|A two-class lesson plan on mass incarceration, this offering from the North Carolina School system provides thoughtful, engaging activities to explore the issue, including a mock committee meeting of the state legislature. By examining the morals and values behind our country’s prison hierarchy, participants are better able to understand and digest the reviewed historical trends. The lesson transitions nicely to an interactive policy reform debate. Unfortunately, the document does not link to the articles and resources referenced. Finally, the plan focuses on student ownership and opinion and would benefit for more time on instruction.Topics: sentencing, mass incarceration, jails and prisons, restorative justice, re-entry. (2012)
|Chasing Gideon: Issues in Public Defense (.DOC)
|Based on Karen Houppert’s book Chasing Gideon: The Elusive Quest for Poor People’s Justice (The New Press 2013) and a thirty minute video “Defending Gideon” by The Constitution Project , this Street Law lesson effectively communicates the importance of the Constitution’s promise of legal representation and how, under current constraints, it is failing to deliver justice for America’s low income people. The plan, which is accompanied by a teacher’s guide and five hand-outs, moves from identifying issues to suggesting and analyzing solutions. It uses video clips, the story of a representative case, and state policy reforms, as well as suggested extensions. Topics: sentencing, right to counsel, court system, legal precedent. (2013)
|Privilege, Discrimination, and Racial Disparities in the Criminal Justice System (PDF)
|ADL offers numerous lesson plans on recent, high-profile issues involving fairness and discrimination, including several related to criminal justice. This one was created in response to the 2014 shooting of Michael Brown in Ferguson, Missouri, and reviews the system wide problems that contribute to police shootings of unarmed African Americans. Instead of focusing on specific policies, students are led through an overview and discussion about unearned privilege and the racial disparities in the criminal justice system. Self-described as an “advanced” lesson plan, it is recommended for teachers with a firm grounding in anti-bias education (and provides some helpful pointers to get to that). It Relying heavily on group discussion and students work with material that exposes the vastly different relationships that people of color have with the justice system. Like many of the other lesson plans, however, it does not point the way to reforms undertaken to facilitate rapid change. Topics: police conduct, police-community relations, criminal justice identity disparities. (2014)
|Crime and Punishment Deliberating in a Democracy
Constitutional Rights Foundation (CRF) of Chicago, CRF of Los Angeles, Street Law
|This site — an international collaboration led by three civic education groups in the United States — offers a range of lesson plans in several languages (see each organization’s separate sites for additional lesson plans). This one is short(45 minutes not including homework and suggested reading extensions),but it does what it intends: getting students to engage with the major arguments for and against the death penalty, with one glaring omission — it does not address the issue of race. The materials review the traditional motivations for capital punishment (retribution, deterrence, incapacitation) and compare the punishment as it exists in different countries. After reviewing arguments for and against the death penalty, students argue one side, then are required to argue the opposite side. The plan is lacking substantively in important ways, but has the novelty of being short, international, and offered in different languages. Topics: death penalty. (2011)
|A Brief History of Stop-And-Frisk (PDF) The Lowdown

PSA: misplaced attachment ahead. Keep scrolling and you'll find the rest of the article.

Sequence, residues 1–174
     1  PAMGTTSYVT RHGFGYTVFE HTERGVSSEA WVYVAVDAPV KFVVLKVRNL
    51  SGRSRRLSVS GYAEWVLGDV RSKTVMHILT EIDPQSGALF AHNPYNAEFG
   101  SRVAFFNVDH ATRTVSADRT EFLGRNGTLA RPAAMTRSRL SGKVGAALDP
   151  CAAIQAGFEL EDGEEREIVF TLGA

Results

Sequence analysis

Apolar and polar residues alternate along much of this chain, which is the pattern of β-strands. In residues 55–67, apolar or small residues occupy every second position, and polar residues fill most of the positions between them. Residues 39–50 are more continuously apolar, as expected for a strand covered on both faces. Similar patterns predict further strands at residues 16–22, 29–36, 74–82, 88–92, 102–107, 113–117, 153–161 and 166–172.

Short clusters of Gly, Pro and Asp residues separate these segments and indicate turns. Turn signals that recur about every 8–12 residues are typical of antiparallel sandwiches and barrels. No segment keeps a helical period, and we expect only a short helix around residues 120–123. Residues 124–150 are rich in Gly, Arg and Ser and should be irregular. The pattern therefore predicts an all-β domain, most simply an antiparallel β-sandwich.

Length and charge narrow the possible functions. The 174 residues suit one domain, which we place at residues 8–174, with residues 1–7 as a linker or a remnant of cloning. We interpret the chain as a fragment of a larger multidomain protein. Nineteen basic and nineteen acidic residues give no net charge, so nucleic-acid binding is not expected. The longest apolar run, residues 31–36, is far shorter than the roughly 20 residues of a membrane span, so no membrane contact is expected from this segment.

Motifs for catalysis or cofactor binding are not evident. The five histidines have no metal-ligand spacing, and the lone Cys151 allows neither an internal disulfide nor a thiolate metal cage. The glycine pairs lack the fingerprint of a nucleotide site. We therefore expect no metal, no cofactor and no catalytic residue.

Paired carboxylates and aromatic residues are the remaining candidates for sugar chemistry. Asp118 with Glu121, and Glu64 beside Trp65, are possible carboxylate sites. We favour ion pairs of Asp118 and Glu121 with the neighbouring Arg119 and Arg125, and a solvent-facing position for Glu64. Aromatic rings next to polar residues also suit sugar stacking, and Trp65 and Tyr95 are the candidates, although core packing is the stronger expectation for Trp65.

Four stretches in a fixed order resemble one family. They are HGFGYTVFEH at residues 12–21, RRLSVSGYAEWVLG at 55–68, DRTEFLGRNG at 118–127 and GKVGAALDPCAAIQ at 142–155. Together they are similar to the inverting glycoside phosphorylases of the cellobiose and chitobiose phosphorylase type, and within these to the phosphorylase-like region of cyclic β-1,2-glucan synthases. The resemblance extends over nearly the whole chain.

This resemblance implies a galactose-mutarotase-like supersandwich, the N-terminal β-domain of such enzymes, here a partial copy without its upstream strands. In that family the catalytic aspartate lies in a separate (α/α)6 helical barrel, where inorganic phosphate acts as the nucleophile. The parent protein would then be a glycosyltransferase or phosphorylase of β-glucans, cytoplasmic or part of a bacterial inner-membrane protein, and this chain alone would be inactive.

|This lesson plan focuses on police conduct, specifically the history and practice of “Stop-And-Frisk.” Apart from a beautifully-designed slide presentation, the plan offers few resources. Topics: police conduct, police-community relations. (2017)
|Implicit Bias and the Criminal Justice System (PPT)
University of Washington Law School
|This lesson plan could serve as a useful introduction to other criminal justice lessons. The 60 minute seminar-style lesson focuses on distinguishing one’s own biases and understanding how larger scale biases can affect the fairness of our police, prosecutors, and courts. The activities are fairly rudimentary and the plan is not adequate by itself, but it presents a very important concept – implicit bias — in a way that could usefully frame other lessons. Topics: Implicit Bias, Stop-And-Frisk, Sentencing.(2014)
|These four resources will help teachers and students in different ways to prepare a lesson plan or conduct research for a project or paper. “The Record” aggregates news articles every day on every aspect of the justice system. “The State Of Justice Reform” is an accessible annual primer on a dozen topics and six “lenses” (intersectional slices of those topics, such as Racial Justice, Bipartisan Support, Disability, and Public Health). “Reforming Criminal Justice” contains four volumes of articles that cover history, context, and current approaches. “How To Teach Kids About What’s Happening in Ferguson”is a curated list of articles, books, poems, music, and films, written by the initiator of the crowd-sourced #FergusonSyllabus.
The Marshall Project
The State of Justice Reform,
Vera Institute of Justice
Reforming Criminal Justice, The University of Arizona School of Law
How To Teach Kids About What’s Happening in Ferguson, Dr. Marcia Chatelain,
|College and Graduate Syllabi
|Students and teachers who want to dig deeper can draw from from these more advanced syllabi. Dr. Jesse Carr compiled several of these syllabi and others on racial violence in the United States on his site State Sanctioned. Another rich resource is the website of the African American Intellectual History Society.
Prison Abolition 2.0, Dr. Dan Berger, Dr. Garrett Felber, Dr. Kali Gross, Dr. Elizabeth Hinton, Dr. Anyabwile Love (2018)
#CharlestonSyllabus, Dr. Chad Williams, Dr. Kidada E. Williams, Dr. Keisha N. Blain
Police Violence and Social Control, Dr. David Correia (UNM 2015)
Policing Latinidad: From Border Wars to Mass Incarceration, Dr. Marisol LeBron (Duke 2015)
The War on Crime: Crime, Criminalization, and Urban America, Dr. Pia Moller (Univ. of Wisconsin Madison 2014)
Abolition: Slavery Supermax and Social Movements, Hope Metcalf, Judith Resnick, and Sia Sanneh (Liman Public Interest Workshop, Yale Law School 2011)
America’s Death Penalty, Dr. Austin Sarat (Amherst 2011)
Race and the Criminal Justice System, Dr. Joao Vargas (Univ. of Texas 2011